Pension schemes have had enough of high fees and poor returns. Is smart beta their chance of something better?
The active versus passive debate is evolving. A few years ago, an equity bull run mixed with pension schemes’ thirst for value for money hit asset managers hard. The phones of professional stock pickers were red hot as institutions demanded billions of pounds of their money back after becoming disillusioned with paying high fees for poor returns. The new strategy was to invest in funds that mirror the performance of indices, especially with equities trading at record highs. Now it seems that the money is on the move again.
Potentially beating the returns offered by passive funds while paying lower fees than those for an active manager has put the strategy on the radar of many risk-adverse but cash-hungry institutions.
The strategy, which is also known as factor investing, is pitched as somewhere between active and passive by combining elements of both. Instead of tracking an index, such as the FTSE 100, these products track the underlying drivers of performance, which are known as factors. There are many factors that investors could use to help achieve a desired outcome, but the most popular are stocks picked on their quality, low volatility, momentum, size, environmental, social and governance (ESG) and value attributes.
This investment approach is proving popular with a growing number of pension schemes, which have exposure to one or more factors to potentially reduce risk or to increase the chances of making a desired return. Investing in more than one factor is another way that trustees are using the market to limit volatility in the portfolio and is another reason why investors are bullish on this investment approach.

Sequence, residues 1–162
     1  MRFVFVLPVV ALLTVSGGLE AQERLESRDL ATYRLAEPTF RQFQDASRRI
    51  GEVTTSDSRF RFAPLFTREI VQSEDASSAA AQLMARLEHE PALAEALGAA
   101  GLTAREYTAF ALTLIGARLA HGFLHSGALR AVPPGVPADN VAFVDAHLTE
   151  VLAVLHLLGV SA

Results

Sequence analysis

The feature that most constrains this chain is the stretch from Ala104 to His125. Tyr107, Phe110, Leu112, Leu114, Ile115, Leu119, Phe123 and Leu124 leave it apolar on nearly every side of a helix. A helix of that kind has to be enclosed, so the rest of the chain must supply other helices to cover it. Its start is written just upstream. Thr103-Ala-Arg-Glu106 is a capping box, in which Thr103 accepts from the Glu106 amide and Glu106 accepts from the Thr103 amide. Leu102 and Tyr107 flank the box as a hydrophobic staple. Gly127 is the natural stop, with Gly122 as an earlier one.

Indeed, more than $1trn (£772bn) had been put to work in this market by the end of 2017, according to data provider Morningstar. And last year, smart beta proved popular with institutions. Almost half of the global asset owners that index and data specialist FTSE Russell spoke to had an allocation to smart beta in 2017, up from 36% in 2016. This figure is expected to rise in the coming years.
Invesco PowerShares discovered that 42% of the 435 European institutional and retail investors it surveyed in November 2017 for Smart beta strategies: more bricks for portfolio building who do not use smart beta would consider using the strategy in future.
FACTORING IN RISK
Asset owners in the UK that have smart beta exposure include high street pharmacy chain Boots and the railway workers pension scheme, which is managed by RPMI Railpen. Looking to join them later this year is the London Borough of Haringey Pension Fund and Brunel Pension Partnership, a local government pool managing more than £30bn for 10 schemes. What is interesting about these schemes is that safety appears to be a major reason why they are using the strategy, more so than for growth.
RPMI Railpen has more than £700m at work in the market. It uses smart beta to invest in companies that have consistently performed in a strategy designed to mitigate the severity of any momentum crash that might be coming down the road. It has also invested in high-quality value stocks and more stable small caps. Safety appears to be at the top of the agenda here, just as it is for the Boots Pension Scheme.